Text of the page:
Immune rejection remains the biggest challenge for xenotransplantation. Animal testing or animal research is the use of non-human Animals in scientific experimentation. Animal testing or animal research is the use of non-human Animals in scientific experimentation. Most scientists and governments say they agree that Animal testing should cause as little suffering as possible and that alternatives to animal testing' need to be developed See also Animal testing Most animal testing involves Invertebrates, especially Drosophila melanogaster, a fruit Fly, and Frogs have been used in animal tests throughout the history of biomedical science Scientific research involving Non-human primates (NHPs includes Drug pre-clinical Toxicology studies studies of Infectious disease Animal testing on rabbits The Draize Test is an acute toxicity test devised in 1944 by Food and Drug Administration (FDA Toxicologist John H See also Animal testing Rodents are commonly used in animal testing, particularly guinea pigs hamsters gerbils rats and mice Animal testing regulations vary around the world Most governments aim to control the number of times individual animals may be used the overall numbers used and the degree of pain that The history of animal testing goes back to the writings of the Greeks in the third and fourth centuries BCE with Aristotle (384-322 BCE and Erasistratus The history of model organisms began with the idea that certain organisms can be studied and used to gain knowledge of other organisms or as a control (ideal for other organisms of Institutional Animal Care and Use Committees are of central importance to the application of laws to animal research in the United States Animals used by laboratories for testing purposes are largely supplied by dealers who specialize in the trade The extent to which Animal testing causes Pain and Suffering, and the capacity of laboratory animals to experience and comprehend Testing cosmetics on animals is a form of Animal testing, intended to ensure the safety and Hypoallergenic properties of the products for use by humans Toxicology testing, also known as safety testing, is conducted by pharmaceutical companies testing drugs or by contract animal testing facilities Biomedical research (or experimental medicine) in general simply known as medical research, is the Basic research or Applied research conducted "Animal liberation" redirects here for other uses see Animal liberation (disambiguation. Animal welfare refers to the viewpoint that it is morally acceptable for humans to use nonhuman animals for food in animal research, as clothing and in entertainment The Animals (Scientific Procedures Act 1986 (A(SPA 86 is an Act of the Parliament of the United Kingdom (1986 c A great ape research ban, or severe restrictions on the use of non-human Great apes in research is currently in place in the Netherlands, New Zealand, the The international trade in primates sees 32000 wild non-human Primates (NHPs trapped and sold on the international market every year Britches was the name given by researchers to a Stump-tailed macaque monkey born into a breeding colony at the University of California Riverside (UCR in March 1985 The Brown Dog affair was a political controversy about Vivisection that raged in Edwardian England from 1903 until 1910 Cambridge University primate experiments are licensed by the British government for the purpose of research into Brain function The pit of despair, or vertical chamber, was a device used in experiments conducted on Rhesus macaque monkeys during the 1970s by American comparative The Silver Spring monkeys were seventeen Macaque monkeys living inside the Institute of Behavioral Research in Silver Spring Maryland, who became what one writer Unnecessary Fuss is a film produced by Ingrid Newkirk and Alex Pacheco of People for the Ethical Treatment of Animals (PETA showing footage Charles River Laboratories Inc ( is an American Corporation specializing in a broad spectrum of pre-clinical and clinical Laboratory services for the Covance Inc ( formerly Corning Incorporated with headquarters in Princeton New Jersey, is a Contract research organization, (also known as a Clinical research Harlan Sprague Dawley Inc is one of the world's leading suppliers of animals and other services to laboratories for the purpose of Animal testing. Huntingdon Life Sciences (HLS is a contract animal-testing company founded in 1952 in England now with facilities in Huntingdon, Cambridgeshire and Eye Suffolk in the UK Laboratory animal suppliers in the United Kingdom breed animals such as rodents rabbits dogs cats and primates which they sell to licensed establishments for scientific Nafovanny in Vietnam is the largest captive-breeding primate facility in the world supplying long-tailed macaques ( Macaca fascicularis) to animal Shamrock Farm was Britain's only non-human Primate importation and Quarantine centre located in Small Dole, near Brighton in West Sussex Americans for Medical Progress (AMP is a charity that aims to protect and advocate for society's investment in medical research The American Association for Laboratory Animal Science ( AALAS) a 501(c3 nonprofit membership association, was formed in 1950 as a forum for the exchange The American Association for the Advancement of Science (or AAAS) is an organization that promotes cooperation between Scientists defends scientific freedom encourages The Boyd Group is a British based independent Think tank considering issues relating to Animal testing. The British Union for the Abolition of Vivisection ( BUAV) is a British animal protection group based in London UK which campaigns for the complete abolition of all The Dr Hadwen Trust is the UK’s leading medical research charity that funds and promotes exclusively non-animal techniques to replace animal experiments The Foundation for Biomedical Research (FBR is an American lobby group that promotes or defends Animal testing. The National Anti-Vivisection Society is an anti- Vivisection group founded in 1875 and has campaigned for the abolition of experiments on animals for over 100 years The Physicians Committee for Responsible Medicine (PCRM is a Non-profit organization based in Washington D The Primate Freedom Project is a 501(c(3 not-for-profit Grassroots abolitionist Animal rights organization based in Atlanta Georgia Pro-Test is a British group that promotes and supports Animal testing in Medical research. SPEAK the Voice for the Animals is a British Animal rights campaign that aims to end animal experimentation in the UK The Research Defence Society is a British lobby group Its main focus is to disseminate information about and to defend the use of Animal testing in medicine Stop Huntingdon Animal Cruelty (SHAC is an international Animal rights campaign to close down Huntingdon Life Sciences (HLS Colin Blakemore is a British Neurobiologist specializing in vision. Carl Cohen is Professor of Philosophy at the Residential College of the University of Michigan, in Ann Arbor Michigan, USA Dr Gillian Rose Langley (born 1952 is a British scientist and writer who specialises in Alternatives to animal testing, Animal rights and animal protection issues Ingrid Newkirk (born June 11, 1949) is an English-born Animal rights activist author and president and co-founder of People for the Ethical Treatment Neal D Barnard is an American Physician, author clinical researcher and founding president of the Physicians Committee for Responsible Medicine (PCRM Jerry Vlasak (born circa 1958 in Austin Texas) is an American trauma Surgeon and Animal rights activist Simon Festing is the executive director of the Research Defence Society (RDS a British lobby group funded by the pharamaceutical industry and universities Tipu Aziz is a professor of Neurosurgery at the John Radcliffe Hospital in Oxford and a lecturer at Magdalen College Oxford The problem exists even for human to human transplants (known as allotransplantation), but is more serious for transplants between different species. Allotransplantation ( allo- from the Greek meaning "other" is the transplantation of organs between members of the same Species Nearly all mammalian cells have markers which enable the immune system to recognise them as being foreign. Mammals ( class Mammalia) are a class of Vertebrate Animals characterized by the presence of Sweat glands, including sweat glands An immune system is a collection of mechanisms within an Organism that protects against Disease by identifying and killing Pathogens and Tumor The more different the genetic code between the donor organ and recipient, the greater the difference between a "self" marker and a "foreign" marker. Some companies are currently developing transgenic animals such as pigs, that produce human markers to try and lessen the chance of rejection. This article is about organisms which have been genetically modified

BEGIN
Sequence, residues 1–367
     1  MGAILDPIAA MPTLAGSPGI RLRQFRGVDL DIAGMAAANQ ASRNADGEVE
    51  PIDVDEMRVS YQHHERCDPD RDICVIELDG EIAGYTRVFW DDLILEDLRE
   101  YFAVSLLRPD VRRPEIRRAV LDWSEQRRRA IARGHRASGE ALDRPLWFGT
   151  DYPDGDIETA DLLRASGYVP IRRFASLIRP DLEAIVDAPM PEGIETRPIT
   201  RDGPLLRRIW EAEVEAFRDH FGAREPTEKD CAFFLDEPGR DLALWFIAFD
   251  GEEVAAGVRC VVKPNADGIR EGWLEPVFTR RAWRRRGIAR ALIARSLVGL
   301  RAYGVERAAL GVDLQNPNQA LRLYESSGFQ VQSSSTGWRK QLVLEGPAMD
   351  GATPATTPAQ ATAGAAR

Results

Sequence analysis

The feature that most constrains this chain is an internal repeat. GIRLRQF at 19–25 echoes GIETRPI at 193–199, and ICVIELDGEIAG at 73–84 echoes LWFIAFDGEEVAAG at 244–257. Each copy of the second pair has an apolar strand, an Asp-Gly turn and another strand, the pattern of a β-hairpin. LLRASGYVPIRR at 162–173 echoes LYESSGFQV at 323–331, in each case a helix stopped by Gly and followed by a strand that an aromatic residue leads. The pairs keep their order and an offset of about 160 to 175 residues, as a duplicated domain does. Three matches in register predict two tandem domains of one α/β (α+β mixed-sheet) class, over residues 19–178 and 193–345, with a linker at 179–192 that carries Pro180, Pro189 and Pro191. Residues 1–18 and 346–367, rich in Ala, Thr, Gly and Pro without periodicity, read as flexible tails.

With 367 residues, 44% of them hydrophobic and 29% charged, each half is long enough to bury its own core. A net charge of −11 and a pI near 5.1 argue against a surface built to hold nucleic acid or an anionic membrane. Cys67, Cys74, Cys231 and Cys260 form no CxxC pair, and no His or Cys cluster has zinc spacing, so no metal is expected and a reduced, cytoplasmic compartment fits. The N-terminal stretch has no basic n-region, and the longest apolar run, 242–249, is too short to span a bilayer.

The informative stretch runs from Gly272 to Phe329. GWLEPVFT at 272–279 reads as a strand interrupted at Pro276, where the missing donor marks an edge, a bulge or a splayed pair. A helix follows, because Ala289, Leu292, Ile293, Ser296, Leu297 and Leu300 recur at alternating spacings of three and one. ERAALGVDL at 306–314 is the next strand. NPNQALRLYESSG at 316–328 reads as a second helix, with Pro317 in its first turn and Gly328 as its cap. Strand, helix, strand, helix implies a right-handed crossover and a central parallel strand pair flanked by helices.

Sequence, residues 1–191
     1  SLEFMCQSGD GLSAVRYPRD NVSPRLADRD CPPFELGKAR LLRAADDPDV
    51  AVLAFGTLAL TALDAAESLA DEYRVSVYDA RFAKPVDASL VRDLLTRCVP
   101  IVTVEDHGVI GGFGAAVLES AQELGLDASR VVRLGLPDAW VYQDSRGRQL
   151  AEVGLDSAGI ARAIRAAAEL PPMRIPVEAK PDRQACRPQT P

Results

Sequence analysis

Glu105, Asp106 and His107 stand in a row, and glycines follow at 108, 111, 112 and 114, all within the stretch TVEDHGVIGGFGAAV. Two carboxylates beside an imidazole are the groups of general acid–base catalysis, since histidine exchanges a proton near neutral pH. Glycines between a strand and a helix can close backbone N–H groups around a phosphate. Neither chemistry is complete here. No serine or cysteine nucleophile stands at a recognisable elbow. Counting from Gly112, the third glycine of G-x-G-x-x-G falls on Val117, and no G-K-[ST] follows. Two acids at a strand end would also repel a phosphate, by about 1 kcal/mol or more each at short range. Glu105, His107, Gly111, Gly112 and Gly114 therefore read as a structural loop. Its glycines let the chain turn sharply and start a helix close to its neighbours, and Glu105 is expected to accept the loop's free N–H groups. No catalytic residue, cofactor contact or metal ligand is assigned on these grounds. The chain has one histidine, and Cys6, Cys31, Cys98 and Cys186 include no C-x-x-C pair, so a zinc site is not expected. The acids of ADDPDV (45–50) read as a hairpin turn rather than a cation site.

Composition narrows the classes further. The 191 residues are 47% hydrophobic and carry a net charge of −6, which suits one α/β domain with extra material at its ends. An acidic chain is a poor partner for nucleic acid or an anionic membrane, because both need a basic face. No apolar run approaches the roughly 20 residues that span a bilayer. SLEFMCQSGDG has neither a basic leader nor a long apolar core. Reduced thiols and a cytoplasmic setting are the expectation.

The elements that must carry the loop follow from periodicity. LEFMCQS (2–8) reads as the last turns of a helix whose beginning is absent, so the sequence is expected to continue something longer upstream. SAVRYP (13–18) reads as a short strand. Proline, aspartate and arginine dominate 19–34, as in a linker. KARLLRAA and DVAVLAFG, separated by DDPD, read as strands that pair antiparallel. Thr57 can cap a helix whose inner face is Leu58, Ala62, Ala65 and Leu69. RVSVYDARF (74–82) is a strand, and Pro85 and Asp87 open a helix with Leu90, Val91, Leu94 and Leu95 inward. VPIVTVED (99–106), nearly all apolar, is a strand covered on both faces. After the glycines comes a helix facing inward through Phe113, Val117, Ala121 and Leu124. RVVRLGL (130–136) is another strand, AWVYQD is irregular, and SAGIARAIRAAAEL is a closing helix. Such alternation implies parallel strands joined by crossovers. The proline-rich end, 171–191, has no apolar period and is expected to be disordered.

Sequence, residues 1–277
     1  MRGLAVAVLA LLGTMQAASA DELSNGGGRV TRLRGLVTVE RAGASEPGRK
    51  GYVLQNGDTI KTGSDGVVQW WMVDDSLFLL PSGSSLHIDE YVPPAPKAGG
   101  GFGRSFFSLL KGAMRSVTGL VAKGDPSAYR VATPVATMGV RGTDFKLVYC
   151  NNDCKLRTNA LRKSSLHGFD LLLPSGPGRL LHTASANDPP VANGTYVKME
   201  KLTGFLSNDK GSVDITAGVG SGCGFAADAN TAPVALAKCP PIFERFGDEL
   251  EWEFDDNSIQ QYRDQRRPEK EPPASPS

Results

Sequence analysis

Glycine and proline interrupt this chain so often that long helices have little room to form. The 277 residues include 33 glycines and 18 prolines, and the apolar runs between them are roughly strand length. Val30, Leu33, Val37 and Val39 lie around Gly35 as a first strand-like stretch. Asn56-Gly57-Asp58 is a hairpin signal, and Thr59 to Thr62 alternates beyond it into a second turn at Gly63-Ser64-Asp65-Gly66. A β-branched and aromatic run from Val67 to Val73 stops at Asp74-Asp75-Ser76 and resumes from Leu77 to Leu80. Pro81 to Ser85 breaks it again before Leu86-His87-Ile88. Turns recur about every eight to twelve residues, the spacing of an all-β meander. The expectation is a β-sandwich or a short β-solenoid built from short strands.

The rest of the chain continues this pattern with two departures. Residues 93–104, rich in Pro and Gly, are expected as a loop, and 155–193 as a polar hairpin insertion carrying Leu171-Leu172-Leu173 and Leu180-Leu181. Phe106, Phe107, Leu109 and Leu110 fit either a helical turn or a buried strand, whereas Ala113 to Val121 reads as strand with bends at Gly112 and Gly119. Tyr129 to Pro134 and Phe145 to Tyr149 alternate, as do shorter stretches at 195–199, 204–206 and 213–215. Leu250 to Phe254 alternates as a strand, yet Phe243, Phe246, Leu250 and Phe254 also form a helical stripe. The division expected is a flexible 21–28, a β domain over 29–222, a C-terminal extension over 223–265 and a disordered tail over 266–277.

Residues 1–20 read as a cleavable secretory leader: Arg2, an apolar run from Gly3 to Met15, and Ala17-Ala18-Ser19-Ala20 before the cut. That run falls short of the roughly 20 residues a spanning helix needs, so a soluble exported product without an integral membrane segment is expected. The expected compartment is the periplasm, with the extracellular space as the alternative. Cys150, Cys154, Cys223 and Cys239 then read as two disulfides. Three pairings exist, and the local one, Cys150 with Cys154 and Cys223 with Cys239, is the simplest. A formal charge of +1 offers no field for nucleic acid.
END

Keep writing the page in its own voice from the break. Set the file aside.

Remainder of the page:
Cross-species transplants are more likely to produce host-vs-graft or graft-vs-host reactions than same-species transplants, because of the lack of antigenic similarity. An antigen (from antibody-generating) or immunogen is a substance that prompts the generation of Antibodies and can cause an immune response Organisms which have been genetically engineered to reduce this difference have been produced but are not yet used to any significant degree in medical care. Genetic engineering, Recombinant DNA technology, genetic modification/manipulation (GM and gene splicing are terms that apply to the direct